FRAGMENTS II is a blog by DAVID WILLOWS. HIS posts ARE MICRO STORIES ON THE LEARNING BUSINESS.  A MICRO STORY IS A TALE OF 300 WORDS OR LESS.

 

The School of the Future Wasn't Supposed to Look Like This

The School of the Future Wasn't Supposed to Look Like This

Back in 2003, I asked the 10-year old students in my class what they imagined school would be like in the year 2020.

They enthusiastically spoke of glass walls, flying skateboards, and “learning machines” that we would wire ourselves up to at night.

What did we once imagine the school of the future would be like in 2020?

What did we once imagine the school of the future would be like in 2020?

As the 2019-20 school year begins, I cannot help but reflect on the fact that this long anticipated future horizon is right around the corner - and that perhaps the “childish” reflections of my students were better than many in anticipating the future of learning.

How many of us have rebuilt new learning spaces with glass walls? How many of our students and colleagues “fly” through urban streets to school today on e-scooters? How many of us are literally tied to these “learning machines” that we hold in our hands all day and all night? 

Not long after the students in my class made their predictions, those of us who are part of leadership teams and school boards around the world got to have our turn.

We wrote strategic plans that were, in many cases, ambitious lists of things to build, resources to buy, programmes to expand, and services to improve. And then we circulated our vision, with the promise that these upgrades would ensure that we were truly ready for the future.

Back in 2010, it seemed like we had all the time in the world to get the job done. So we opted to do the easy things first and postpone the rest for later in the day.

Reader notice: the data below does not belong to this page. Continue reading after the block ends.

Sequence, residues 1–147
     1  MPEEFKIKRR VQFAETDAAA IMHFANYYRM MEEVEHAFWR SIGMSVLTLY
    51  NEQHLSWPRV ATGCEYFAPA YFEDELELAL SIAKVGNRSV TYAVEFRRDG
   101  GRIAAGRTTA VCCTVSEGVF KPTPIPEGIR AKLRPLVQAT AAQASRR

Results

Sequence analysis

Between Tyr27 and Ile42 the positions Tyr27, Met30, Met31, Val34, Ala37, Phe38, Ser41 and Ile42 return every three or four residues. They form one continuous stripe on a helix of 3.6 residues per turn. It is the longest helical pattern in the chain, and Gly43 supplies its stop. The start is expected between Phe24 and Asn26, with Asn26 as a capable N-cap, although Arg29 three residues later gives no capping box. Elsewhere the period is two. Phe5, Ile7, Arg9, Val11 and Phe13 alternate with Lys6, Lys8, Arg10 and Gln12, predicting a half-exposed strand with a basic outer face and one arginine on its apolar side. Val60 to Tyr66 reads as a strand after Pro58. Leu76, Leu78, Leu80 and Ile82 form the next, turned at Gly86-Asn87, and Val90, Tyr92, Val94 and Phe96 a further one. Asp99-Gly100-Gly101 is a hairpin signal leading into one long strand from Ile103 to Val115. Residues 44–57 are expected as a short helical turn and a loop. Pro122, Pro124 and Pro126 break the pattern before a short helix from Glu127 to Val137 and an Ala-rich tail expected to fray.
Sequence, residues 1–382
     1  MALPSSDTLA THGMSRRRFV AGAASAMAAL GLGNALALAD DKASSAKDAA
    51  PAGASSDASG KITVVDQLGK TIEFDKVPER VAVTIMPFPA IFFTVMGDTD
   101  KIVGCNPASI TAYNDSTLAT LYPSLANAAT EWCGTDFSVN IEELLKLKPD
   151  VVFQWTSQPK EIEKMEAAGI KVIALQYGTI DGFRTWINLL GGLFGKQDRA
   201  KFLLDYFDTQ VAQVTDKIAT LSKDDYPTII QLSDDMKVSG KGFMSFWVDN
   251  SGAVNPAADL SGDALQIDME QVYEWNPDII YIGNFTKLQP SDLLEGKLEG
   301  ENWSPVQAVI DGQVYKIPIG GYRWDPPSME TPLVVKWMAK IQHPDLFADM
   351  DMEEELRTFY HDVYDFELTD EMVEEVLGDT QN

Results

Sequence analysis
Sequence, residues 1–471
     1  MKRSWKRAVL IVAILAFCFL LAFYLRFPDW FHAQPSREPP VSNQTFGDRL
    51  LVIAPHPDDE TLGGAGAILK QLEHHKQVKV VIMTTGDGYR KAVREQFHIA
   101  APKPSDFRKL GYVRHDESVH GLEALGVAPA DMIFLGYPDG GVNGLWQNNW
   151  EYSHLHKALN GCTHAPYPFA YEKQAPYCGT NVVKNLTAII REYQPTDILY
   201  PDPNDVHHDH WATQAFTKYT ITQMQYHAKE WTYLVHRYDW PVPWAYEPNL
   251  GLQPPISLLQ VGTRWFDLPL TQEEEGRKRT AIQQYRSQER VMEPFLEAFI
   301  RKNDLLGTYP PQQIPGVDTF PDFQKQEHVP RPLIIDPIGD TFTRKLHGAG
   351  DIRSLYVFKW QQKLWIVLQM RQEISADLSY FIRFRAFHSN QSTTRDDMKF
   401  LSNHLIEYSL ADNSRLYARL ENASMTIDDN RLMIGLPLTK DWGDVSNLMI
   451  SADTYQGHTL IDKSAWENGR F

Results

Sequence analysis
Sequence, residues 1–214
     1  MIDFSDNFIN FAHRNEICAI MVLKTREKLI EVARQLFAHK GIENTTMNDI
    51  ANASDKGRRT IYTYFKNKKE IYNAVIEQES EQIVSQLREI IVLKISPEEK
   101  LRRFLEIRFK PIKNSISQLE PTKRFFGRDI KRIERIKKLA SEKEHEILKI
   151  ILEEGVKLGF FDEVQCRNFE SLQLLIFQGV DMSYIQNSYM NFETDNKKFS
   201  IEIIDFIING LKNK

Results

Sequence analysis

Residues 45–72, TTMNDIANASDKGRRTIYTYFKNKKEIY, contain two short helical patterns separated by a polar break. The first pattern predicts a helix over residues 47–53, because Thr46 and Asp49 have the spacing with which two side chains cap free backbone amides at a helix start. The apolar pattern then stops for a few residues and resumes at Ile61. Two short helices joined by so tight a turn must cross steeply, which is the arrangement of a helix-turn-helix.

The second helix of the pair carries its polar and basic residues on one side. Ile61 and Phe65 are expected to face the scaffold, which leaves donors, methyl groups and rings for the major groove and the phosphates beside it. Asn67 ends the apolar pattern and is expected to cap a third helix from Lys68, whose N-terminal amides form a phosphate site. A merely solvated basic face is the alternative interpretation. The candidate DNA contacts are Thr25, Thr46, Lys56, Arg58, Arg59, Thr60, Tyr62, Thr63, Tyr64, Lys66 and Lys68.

And here we are. We’ve arrived.

In 122 days, it will be 2020.

Don’t get me wrong. We’ve covered a lot of ground. We’ve built the buildings, bought the resources, expanded the programmes, and improved the services.

But can we say that we significantly advanced? Have we lived up to our promise and re-imagined school like we said we would? 

As someone who was part of these conversations for the last ten years or more, I can honestly say that I’m not so sure.

We completed most of the things on our list.

But, in the end, it appears that the school of the future was never going to be the sum of all these parts. It required of us more courage, more focus on what we know to be true, and less attention to things.

The school of the future wasn’t supposed to look like this. 

So I guess our Advancement quest continues.


Photo by Zhimai Zhang on Unsplash



School Advancement: On Why We Are Only Halfway There

School Advancement: On Why We Are Only Halfway There